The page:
Search - PTU on DVD

Actors: Frank Michael Liu, Simon Yam, Lo Hoi-Pang, Maggie Shiu, Eddy Ko
Director: Johnny To
Genres: Action & Adventure, Indie & Art House
UR     2004     1hr 28min


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Movie Details

Actors: Frank Michael Liu, Simon Yam, Lo Hoi-Pang, Maggie Shiu, Eddy Ko
Director: Johnny To
Genres: Action & Adventure, Indie & Art House
Sub-Genres: Hong Kong Action, Indie & Art House
Studio: Tai Seng
Format: DVD - Color,Widescreen
DVD Release Date: 07/20/2004
Release Year: 2004
Run Time: 1hr 28min
Screens: Color,Widescreen
Number of Discs: 1
SwapaDVD Credits: 1
Total Copies: 0
Members Wishing: 2
Edition: Import
MPAA Rating: Unrated
Languages: Chinese, Mandarin Chinese
Subtitles: English
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Movie Reviews

Loved watching this
Andrew Leyden | Chesapeake Beach, MD United States | 05/27/2006
(5 out of 5 stars)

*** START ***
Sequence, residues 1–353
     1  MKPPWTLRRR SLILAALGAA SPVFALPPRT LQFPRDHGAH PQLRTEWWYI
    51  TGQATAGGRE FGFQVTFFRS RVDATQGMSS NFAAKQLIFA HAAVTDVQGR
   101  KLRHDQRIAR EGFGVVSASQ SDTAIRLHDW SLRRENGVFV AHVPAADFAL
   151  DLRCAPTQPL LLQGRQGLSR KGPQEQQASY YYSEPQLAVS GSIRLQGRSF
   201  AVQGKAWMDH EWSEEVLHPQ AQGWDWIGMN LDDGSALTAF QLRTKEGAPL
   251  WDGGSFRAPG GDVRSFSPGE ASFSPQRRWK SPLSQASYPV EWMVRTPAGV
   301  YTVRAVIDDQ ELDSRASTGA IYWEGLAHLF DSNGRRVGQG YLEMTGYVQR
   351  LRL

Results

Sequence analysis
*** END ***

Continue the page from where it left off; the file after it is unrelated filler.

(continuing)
"This is not an action flick, this is a film. A piece of cinema. There are some stylized scenes in this movie that stick in my head. A film noir in the glaring lights of Tsim Tsa Tsui. I really enjoyed the 'caper' quality of the film (i.e. everyone all connected to everyone else) but found the film just really interesting to look at, even with whatever quality film they were using."
Police Tactical Unit
Hizon | Makati Philippines | 11/24/2004
(4 out of 5 stars)

"Johnnie To's police drama/dark comedy about a night with Hong Kong's PTU is a taut, efficient piece of cinema.

The movie follows the events that transpired when a roguish anti-organized crime police officer loses his gun after a confrontation with some young gang members. A roving team of PTU chances upon him. Since he is up for promotion, he asks the PTU not to report the loss of the gun. Despite objections from other officers, the squad leader (Simon Yam) promises to help him find it. These set a chain of events that will lead to major repercussions in the Hong Kong underworld.

The joy of watching PTU is in the intense, dead-pan performance and the chuckles brought by the darkly-humorous situations, even if the movie's plot and resolution is highly reminiscent of Lock, Stock & Two Smoking Barrels with some elements of InterMission (although this came before the Irish movie).

A film about honor, duty, and commitment, PTU is well worth a watch, if not a purchase. It is not a "loud" movie, as compared to stereotypical HK police films. One of the best I've seen in the genre, the somewhat predictable ending notwithstanding.